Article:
The AP's Style Guide for Religion, Metaphysics, and God's Existence

How do you spell that? G-o-d! Or sometimes: g-o-d. 
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AP/The Atlantic

When The Atlantic was revising its style guide for the web a few months ago, my cubicle unexpectedly turned into a metaphysical brawling zone. Our house policy is to capitalize "God" when it refers to the entity worshipped by Jews, Christians, and Muslims. (Other times, it's not capitalized—for example, when writing about how I'm the "god of the office candy jar.") In my opinion, this suggests a belief on the part of the writer: Capitalizing "God" means he or she believes in the formal existence of a thing called god, so that name is capitalized like any other name. My boss disagrees. Neither, he says, does capitalizing the protagonist's name from The Big Lebowski entail belief in the existence of the Dude. So we capitalize God.

This one argument inspired a good 20 minutes of surreal grammatical debate, so just imagine how weird things got at the Associated Press when the organization decided to add 200 new religion terms to its 2014 style guide. Unfortunately for me, they've come down on my boss's side on the subject of "God" capitalization. They also note that it's proper to use lowercase "in references to false gods: He made money his god."

The Associated Press has declared that there are false gods. I can't wait to see what happens when they have to cover a story about a strangely gold-tinted calf who shows up in the desert in Egypt.

Other notables: "hell" is not capitalized, but "Hades" is—presumably, the reason being that the latter is a place, but the former is not.

"Holy Spirit" and "Holy Ghost" are both capitalized, but the former is the preferred usage, spirits being the more acceptable metaphysical entity. "Satan" is capitalized, but not "the devil." Also noteworthy: "Voodoo," the religion, is capitalized, but "voodoo," roughly meaning "shenanigans," is not, "especially when ascribing magical solutions to problems, as in voodoo economics."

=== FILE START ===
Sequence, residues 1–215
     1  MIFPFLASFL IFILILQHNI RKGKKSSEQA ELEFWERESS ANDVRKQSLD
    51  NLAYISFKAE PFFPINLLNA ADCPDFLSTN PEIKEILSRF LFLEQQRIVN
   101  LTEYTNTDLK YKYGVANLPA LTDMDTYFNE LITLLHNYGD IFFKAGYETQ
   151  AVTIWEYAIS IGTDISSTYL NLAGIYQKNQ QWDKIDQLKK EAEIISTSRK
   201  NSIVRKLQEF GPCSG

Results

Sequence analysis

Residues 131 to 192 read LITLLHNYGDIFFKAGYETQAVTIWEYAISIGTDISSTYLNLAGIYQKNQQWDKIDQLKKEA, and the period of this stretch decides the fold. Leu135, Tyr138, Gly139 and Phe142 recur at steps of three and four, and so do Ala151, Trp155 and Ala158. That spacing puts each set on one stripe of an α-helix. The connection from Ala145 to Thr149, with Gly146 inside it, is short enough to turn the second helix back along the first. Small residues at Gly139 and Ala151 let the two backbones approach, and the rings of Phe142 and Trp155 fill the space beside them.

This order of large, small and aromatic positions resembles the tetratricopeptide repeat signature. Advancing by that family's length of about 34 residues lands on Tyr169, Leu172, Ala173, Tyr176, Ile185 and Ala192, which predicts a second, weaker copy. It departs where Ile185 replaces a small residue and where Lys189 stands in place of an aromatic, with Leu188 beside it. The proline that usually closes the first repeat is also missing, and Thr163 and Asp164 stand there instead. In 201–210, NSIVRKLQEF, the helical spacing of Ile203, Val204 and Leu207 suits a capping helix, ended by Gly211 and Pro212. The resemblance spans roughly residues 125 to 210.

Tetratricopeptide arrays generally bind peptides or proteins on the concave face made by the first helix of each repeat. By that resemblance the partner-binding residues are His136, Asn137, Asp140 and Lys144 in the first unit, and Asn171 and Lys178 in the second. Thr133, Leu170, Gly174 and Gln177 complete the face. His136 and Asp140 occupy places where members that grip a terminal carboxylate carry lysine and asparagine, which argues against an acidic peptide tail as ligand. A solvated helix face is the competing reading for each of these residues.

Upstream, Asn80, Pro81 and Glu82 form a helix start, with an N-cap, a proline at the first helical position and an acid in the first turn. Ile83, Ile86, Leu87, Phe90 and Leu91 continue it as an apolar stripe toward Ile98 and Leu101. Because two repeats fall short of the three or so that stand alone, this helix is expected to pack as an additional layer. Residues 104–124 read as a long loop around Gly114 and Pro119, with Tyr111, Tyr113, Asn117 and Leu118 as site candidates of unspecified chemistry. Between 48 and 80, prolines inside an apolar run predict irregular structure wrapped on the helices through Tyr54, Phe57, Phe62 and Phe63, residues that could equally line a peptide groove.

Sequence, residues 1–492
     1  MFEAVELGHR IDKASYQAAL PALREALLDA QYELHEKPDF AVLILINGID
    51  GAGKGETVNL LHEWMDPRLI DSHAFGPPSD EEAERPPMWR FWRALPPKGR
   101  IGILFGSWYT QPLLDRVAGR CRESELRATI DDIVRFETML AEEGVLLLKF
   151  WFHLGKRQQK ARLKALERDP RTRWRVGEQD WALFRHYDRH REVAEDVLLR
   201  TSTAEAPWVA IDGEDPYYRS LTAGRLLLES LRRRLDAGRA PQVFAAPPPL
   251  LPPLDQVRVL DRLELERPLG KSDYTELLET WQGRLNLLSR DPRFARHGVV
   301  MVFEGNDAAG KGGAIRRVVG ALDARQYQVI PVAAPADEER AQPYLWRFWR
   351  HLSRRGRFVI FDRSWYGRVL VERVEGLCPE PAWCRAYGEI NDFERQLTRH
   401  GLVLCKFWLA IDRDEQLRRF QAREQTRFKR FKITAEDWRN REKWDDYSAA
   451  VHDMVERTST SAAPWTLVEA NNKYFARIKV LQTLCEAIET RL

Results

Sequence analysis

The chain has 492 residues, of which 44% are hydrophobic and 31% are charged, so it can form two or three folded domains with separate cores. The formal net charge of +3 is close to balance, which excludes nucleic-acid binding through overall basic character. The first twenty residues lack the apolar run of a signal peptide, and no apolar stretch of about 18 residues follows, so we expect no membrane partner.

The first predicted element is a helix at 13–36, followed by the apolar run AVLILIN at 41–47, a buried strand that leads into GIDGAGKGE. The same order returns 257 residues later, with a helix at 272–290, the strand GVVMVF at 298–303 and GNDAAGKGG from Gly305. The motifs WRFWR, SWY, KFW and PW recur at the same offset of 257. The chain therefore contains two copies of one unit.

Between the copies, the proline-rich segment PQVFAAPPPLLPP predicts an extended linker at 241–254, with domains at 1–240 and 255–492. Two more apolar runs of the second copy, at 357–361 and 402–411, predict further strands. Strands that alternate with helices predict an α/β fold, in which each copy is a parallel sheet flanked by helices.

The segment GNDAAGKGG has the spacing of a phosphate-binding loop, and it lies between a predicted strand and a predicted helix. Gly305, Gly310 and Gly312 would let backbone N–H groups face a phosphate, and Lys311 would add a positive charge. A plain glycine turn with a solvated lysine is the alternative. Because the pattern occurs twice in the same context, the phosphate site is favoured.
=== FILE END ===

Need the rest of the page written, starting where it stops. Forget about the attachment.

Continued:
A lot of the entries were genuinely helpful: In more than two decades of Jewish education, I have never mastered the spelling of the word Chanukah Hannukka Hanukah "Hanukkah." Jews (and Wikipedia, and the ultra-Orthodox sect Chabad) should also note that the AP drops that pesky "h" on the end of "Rosh Hashana."

I'm particularly grateful for the guidelines on nuns, which will come in handy: The AP suggests using a sister's last name throughout an article if she uses it. For example, they write, use "Walsh" to refer to "Sister Mary Ann Walsh," after spelling out her full name and title on the first use. ("Sister Mary Ann Walsh" is a real human who manages press relations for the United States Conference of Catholic Bishops. I'll bet she's tickled to be in their formal style guide.)

But there is some dangerous territory, too. The entry on Zionism is conspicuously short: The term is defined primarily as "the effort of Jews to regain and retain their biblical homeland." The word "Israel" is used later in the entry, referring to the "land of Israel" that's mentioned in the Bible, but still: tricky. "Fundamentalist" is described as a pejorative term; the style guide advises against its use unless people specifically use it to describe themselves.

Perhaps the trickiest of all is the entry for Jesus, who is described as "the central figure of Christianity." The philosophical twist is in the pronouns; unlike prayerbooks or the Bible, which refer to him as Him, the AP instructs newspapers that "personal pronouns referring to him are lowercase, as is savior." If Jesus is in the news, he can be the "Son of God" or the "Redeemer" (both capitalized). But when it comes to pronouns, the AP says, he's a "he," just like any mortal man.

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Emma Green is an associate editor at The Atlantic, where she oversees the National Channel, manages TheAtlantic.com’s homepage, and writes about religion and culture.

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